Gay and lesbian couples share the same economic, healthcare, and child-raising experiences as our parents have. These everyday life decisions between two human beings in a loving, committed relationship have been taken for granted because of the Dine’ Marriage Act and we must repeal it now.
Even today, the Shelly-Jim Administration has asserted that marriage is between one man and one women because we have no songs, prayers, or a wedding basket ceremony for a man and a man or a woman and a woman. I immensely disagree. There are five ways you can contract marriage on the Navajo Nation, rather it be done before a Navajo judge with witnesses or by common law. My partner and I grew up in traditional households where family is a first priority. We both were taught that the Navajo way of life says every living being has a purpose and a reason to be. What our Navajo leaders in Window Rock need to understand is that you cannot legislate who can love who or regulate decisions made between couples and their families. The simplest, honest understanding of Navajo marriage is represented in these principles: love, security, stability, and family. Marriage provides this protection to gay and lesbian couples. We are part of this story. I only ask that the Navajo government treat us fairly and with respect.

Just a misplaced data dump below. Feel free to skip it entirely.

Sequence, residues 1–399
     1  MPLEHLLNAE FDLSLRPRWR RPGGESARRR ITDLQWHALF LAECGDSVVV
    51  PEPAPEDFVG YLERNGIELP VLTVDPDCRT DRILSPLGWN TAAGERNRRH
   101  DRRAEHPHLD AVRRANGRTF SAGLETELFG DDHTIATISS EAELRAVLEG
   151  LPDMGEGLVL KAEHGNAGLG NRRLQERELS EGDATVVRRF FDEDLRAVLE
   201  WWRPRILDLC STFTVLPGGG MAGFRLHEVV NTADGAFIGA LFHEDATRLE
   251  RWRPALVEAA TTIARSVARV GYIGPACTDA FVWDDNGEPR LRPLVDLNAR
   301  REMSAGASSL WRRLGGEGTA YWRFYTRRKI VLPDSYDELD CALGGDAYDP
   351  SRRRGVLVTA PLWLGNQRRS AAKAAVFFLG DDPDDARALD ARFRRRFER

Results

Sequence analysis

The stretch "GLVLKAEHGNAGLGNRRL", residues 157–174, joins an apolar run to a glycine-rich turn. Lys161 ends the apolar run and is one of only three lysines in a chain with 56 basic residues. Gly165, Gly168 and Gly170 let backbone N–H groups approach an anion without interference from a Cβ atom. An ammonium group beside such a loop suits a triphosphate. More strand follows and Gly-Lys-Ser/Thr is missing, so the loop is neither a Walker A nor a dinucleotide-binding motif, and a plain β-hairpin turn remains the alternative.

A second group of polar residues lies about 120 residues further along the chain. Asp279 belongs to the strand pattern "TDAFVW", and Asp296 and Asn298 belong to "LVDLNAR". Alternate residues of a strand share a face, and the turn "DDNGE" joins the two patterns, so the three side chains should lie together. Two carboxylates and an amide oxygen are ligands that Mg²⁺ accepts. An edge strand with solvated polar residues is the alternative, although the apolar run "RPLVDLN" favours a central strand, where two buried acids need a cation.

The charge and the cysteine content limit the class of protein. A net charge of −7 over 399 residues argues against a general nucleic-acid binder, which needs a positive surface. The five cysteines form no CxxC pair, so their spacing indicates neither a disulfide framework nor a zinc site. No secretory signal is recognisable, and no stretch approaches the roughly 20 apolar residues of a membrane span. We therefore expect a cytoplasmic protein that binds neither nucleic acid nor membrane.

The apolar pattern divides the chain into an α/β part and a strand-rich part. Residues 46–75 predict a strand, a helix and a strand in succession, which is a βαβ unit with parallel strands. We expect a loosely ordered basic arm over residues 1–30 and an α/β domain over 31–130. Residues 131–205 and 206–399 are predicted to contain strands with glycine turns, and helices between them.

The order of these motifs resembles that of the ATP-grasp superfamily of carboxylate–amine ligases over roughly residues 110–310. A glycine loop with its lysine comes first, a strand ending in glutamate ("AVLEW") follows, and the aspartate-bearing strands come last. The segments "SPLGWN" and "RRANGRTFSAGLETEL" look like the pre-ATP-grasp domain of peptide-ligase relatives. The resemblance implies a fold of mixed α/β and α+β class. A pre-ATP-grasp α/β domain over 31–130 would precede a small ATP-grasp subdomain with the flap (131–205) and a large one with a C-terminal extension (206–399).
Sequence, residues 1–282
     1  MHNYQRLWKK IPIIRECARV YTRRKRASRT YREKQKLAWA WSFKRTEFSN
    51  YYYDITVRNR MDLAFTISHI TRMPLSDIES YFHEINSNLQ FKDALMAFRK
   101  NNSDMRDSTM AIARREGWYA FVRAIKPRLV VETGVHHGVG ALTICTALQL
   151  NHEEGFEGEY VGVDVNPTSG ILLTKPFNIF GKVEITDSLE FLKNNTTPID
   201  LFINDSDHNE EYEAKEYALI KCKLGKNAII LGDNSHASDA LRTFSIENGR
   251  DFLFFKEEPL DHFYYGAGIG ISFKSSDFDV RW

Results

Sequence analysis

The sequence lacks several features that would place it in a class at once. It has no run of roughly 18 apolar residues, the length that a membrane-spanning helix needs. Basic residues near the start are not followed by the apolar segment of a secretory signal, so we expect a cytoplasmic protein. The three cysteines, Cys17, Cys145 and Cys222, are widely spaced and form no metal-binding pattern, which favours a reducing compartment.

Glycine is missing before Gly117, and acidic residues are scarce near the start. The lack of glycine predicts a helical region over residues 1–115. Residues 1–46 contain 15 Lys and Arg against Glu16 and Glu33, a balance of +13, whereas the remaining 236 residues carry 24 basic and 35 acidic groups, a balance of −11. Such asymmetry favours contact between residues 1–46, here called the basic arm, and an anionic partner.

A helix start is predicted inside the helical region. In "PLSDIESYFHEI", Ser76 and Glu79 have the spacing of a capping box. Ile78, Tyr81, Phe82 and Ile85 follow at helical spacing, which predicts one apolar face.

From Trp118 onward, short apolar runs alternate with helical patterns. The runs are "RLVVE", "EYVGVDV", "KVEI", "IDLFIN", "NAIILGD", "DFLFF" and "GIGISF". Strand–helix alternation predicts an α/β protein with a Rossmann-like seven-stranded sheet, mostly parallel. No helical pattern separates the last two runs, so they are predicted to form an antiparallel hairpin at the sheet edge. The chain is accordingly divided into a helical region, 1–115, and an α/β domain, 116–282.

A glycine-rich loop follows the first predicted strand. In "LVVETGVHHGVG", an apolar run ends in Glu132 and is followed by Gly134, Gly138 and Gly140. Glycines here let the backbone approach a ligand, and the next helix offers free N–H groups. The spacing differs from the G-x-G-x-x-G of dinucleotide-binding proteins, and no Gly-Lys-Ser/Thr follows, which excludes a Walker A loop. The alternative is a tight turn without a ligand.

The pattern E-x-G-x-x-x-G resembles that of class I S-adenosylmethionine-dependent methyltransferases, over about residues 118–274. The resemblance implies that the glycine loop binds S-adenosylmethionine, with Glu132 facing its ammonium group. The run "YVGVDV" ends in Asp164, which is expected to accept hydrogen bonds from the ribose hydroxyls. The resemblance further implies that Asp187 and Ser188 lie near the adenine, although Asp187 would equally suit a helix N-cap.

Today, our Navajo leaders in Window Rock need to be cautious in how they approach and speak about same-sex marriage, bullying in schools, and LGBTQ community issues because a youth is listening. And this child could also be your relative, your son, or your daughter. The teen suicide-rate on the Navajo Nation and across Indian Country continues to increase. It breaks my heart to know that one of these young people could have been dealing with bullying because she was transgender, because he was called a ‘faggot’ in the hallway, or because both were not accepted at home. Native youth are twice as likely as any other race to die before the age of 24 and twice as likely to face abuse and neglect. What is alarming is that Native young people have experiences with post-traumatic stress disorder that rivals the rates of returning veterans from Afghanistan. This is the reality for the Navajo Nation, especially when we pride ourselves as the largest Native Nation in the United States. Across our communities we all must do our part to ensure we create safe, inclusive spaces for our children to be who they are. Our youth are listening and they are reacting. If a school principal, teacher, or student leader is reading this, you can make a difference by combating bullying and taking a stand against hate. Create a Safe Zone program, train your staff – coaches- teachers to be allies for LGBTQ youth, highlight the important roles LGBTQ people have always taken in everyday Navajo life, and call out students that use words like “That’s so gay!” - “fag!” – “dyke!”